Psychiatric re-evaluation 10 months after presentation showed no evidence of a primary psychiatric disorder. Visual assessment confirmed a variable right divergent squint due to blindness in that eye and associated optic atrophy. Endocrine evaluation showed statural growth arrest, cortisol insufficiency, bio-chemical diabetes insipidus, and a high serum prolactin concentration of 7800 mU/l. Magnetic resonance imaging showed extensive enhancement of the optic nerves and chiasm, the hypothalamic area, the lower medulla, and upper spinal cord, as well as periventricularly. There was also considerable enhancement of the pineal gland. Diagnosis of a disseminating pineal germinoma was confirmed by stereotactic brain biopsy. The patient had an excellent clinical and radiological response to craniospinal irradiation and gained 12 kg in the six months after treatment.
A 7 year old boy was referred to our hospital with a three year history of progressive anorexia, recurrent episodes of vomiting, coughing, and discomfort on swallowing, and subsequent failure to thrive. Onset of symptoms had coincided with his father leaving home and his stepfather moving in with the family. Extensive investigation showed no organic cause for his symptoms, and computed tomography showed no abnormaility, although there was no imaging below the level of the foramen magnum. Although his symptoms were atypical for anorexia nervosa, the patient was thought to have a psychological eating disorder and received intensive psychiatric input, including a three month period as an inpatient. At the age of 9 years he developed vertical nystagmus. His gait had also become increasingly unsteady and school performance deteriorated. Tests of hypothalamopituitary function were normal. Magnetic resonance imaging showed a cervicomedullary tumour, which proved to be a low grade astrocytoma.
Tumours affecting the hypothalamus (cases 1 and 2) and, rarely, those impinging on the brain stem (case 3) are recognised as causing both psychological dysfunction and anorexic symptoms without initial neurological signs.2 Diagnostic confusion with early onset anorexia nervosa has also been reported.2 In all three cases, there were coexistent psychosocial factors. Although intracranial disease was considered early on, this was thought to have been excluded by normal brain imaging. The computed tomography scans of all three patients were reviewed, and, even with hind-sight, were considered to be normal. In particular, there was no suprasellar calcification to suggest a craniopharyngioma (case 1), and in case 2 the calcified pineal gland was no more extensive than that found as a normal variant in up to 30% of pineal glands by the age of 15.3 Although scans of all three patients were unenhanced, magnetic resonance imaging may have proved more discriminating as an initial imaging technique. A high index of suspicion needs to be maintained even with normal neuroradiology, particularly in the presence of atypical clinical features, failure of response to treatment (case 1), or the development of new symptoms or signs (cases 2 and 3).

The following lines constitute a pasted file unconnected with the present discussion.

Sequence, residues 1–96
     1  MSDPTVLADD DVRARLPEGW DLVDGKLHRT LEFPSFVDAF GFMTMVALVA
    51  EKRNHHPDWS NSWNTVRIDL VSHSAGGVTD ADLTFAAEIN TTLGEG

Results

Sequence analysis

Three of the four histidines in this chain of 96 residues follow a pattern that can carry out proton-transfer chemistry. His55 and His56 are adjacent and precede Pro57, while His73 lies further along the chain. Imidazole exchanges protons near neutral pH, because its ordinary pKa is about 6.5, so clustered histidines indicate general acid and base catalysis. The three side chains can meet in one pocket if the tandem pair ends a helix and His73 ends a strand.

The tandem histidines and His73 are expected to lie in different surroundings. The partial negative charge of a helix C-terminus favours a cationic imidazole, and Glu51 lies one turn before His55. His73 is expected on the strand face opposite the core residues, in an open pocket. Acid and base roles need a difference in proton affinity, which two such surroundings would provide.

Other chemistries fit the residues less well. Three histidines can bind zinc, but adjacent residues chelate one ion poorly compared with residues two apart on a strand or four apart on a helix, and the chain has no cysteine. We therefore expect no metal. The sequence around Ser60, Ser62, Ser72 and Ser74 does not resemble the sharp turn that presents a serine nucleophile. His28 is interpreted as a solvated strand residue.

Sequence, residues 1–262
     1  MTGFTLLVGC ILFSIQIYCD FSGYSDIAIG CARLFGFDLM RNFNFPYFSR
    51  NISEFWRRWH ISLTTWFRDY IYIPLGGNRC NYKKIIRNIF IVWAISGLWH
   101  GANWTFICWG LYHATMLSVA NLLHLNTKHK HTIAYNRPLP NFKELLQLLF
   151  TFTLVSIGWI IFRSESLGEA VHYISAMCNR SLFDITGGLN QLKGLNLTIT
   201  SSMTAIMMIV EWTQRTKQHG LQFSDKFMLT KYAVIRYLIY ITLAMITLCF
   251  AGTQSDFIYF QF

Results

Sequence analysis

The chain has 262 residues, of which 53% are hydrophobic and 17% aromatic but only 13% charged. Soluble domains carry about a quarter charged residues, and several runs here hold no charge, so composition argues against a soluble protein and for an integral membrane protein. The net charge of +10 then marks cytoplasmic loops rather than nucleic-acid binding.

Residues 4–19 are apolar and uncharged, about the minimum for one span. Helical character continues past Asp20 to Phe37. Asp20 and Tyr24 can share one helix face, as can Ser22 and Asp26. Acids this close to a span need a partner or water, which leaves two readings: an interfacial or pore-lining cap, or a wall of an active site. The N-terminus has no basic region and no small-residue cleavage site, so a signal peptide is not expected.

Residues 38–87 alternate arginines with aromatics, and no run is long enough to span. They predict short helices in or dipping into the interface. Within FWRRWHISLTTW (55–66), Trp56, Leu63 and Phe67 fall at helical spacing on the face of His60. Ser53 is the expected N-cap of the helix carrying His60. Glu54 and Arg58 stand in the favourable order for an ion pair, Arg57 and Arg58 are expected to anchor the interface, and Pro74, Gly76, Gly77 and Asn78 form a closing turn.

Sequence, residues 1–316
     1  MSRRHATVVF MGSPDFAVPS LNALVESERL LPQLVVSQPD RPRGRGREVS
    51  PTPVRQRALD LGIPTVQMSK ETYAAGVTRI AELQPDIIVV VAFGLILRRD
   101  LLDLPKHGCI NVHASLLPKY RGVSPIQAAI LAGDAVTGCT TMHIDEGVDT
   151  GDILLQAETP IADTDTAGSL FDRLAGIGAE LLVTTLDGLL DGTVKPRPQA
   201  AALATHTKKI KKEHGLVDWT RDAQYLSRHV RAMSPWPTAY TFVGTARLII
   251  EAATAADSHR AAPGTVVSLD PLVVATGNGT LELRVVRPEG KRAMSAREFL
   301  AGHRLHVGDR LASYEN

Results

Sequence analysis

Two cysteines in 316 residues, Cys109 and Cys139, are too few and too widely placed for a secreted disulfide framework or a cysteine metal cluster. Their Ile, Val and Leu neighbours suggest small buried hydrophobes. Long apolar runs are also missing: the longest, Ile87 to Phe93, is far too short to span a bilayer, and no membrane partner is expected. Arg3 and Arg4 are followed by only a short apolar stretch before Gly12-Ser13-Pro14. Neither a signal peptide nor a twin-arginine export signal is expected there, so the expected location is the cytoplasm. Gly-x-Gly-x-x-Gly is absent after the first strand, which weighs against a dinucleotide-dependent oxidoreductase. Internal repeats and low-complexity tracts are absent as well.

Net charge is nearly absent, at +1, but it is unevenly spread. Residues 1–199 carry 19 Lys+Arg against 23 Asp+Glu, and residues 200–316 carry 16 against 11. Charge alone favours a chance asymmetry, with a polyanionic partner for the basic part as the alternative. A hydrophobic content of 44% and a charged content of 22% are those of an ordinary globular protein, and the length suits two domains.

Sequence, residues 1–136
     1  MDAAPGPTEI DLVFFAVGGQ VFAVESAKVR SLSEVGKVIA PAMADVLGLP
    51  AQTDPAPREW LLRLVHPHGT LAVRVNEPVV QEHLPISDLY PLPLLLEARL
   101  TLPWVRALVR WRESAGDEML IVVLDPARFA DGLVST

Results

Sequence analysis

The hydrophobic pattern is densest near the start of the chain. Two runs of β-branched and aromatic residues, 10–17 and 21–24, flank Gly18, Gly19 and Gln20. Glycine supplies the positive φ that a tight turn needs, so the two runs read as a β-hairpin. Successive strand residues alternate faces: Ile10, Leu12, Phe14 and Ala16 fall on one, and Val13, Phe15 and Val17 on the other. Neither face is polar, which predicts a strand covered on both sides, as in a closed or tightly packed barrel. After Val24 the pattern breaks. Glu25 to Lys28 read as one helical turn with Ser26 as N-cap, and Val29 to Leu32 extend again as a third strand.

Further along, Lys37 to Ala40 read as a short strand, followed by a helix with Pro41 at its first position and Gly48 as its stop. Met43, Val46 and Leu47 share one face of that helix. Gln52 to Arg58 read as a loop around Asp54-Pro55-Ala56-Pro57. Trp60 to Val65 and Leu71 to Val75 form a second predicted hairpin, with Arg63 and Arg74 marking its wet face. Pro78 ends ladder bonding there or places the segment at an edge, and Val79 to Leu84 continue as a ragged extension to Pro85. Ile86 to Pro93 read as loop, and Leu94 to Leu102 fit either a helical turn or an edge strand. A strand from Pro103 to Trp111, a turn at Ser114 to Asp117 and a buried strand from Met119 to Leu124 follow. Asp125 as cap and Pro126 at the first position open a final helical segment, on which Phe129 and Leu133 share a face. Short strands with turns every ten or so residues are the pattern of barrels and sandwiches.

Childhood onset anorexia nervosa is rare. It is particularly unusual in boys, although several studies suggest that males may comprise a higher proportion (19 to 30%)4 5 of cases in childhood than they do in adolescence and adulthood (5 to 10%).6 Over the four years that these three cases presented we have seen a total of 20 boys referred with an eating disorder. Children may present with a variety of somatic symptoms, including feelings of nausea or fullness and difficulty in swallowing. Depressive symptoms may occur relatively early in children as weight loss tends to be more rapid and emaciation more profound.7
Careful anthropometric and endocrine assessment may give additional clues to the diagnosis. Although starvational states such as anorexia nervosa will stunt statural growth as well as weight gain, the finding of normal skinfold thicknesses (as in case 1), and thereby adequate subcutaneous fat stores, would be inconsistent with such a diagnosis.
In general, therefore, the diagnosis of childhood onset anorexia nervosa should not be entertained unless there is an overt and relentless pursuit of thinness, with an expressed aversion to putting on weight. Had these criteria been applied in the first two cases the diagnosis of anorexia nervosa could not have been made. Even when the diagnosis seems certain, however, a high index of suspicion should be maintained and re-evaluated as the presence of an eating disorder does not necessarily exclude a concurrent organic diagnosis. We recommend that any boy with anorexia should have careful anthropometric and endocrine assessment as well as neuroimaging, which may need to be repeated.
Neuroradiological review of the computed tomography scans from other centres was performed by Dr K Chong, consultant neuroradiologist, Great Ormond Street Hospital, to whom we are grateful.
Funding Financial support for C J DeVile was provided by the Child Growth Foundation
Conflict of interest None.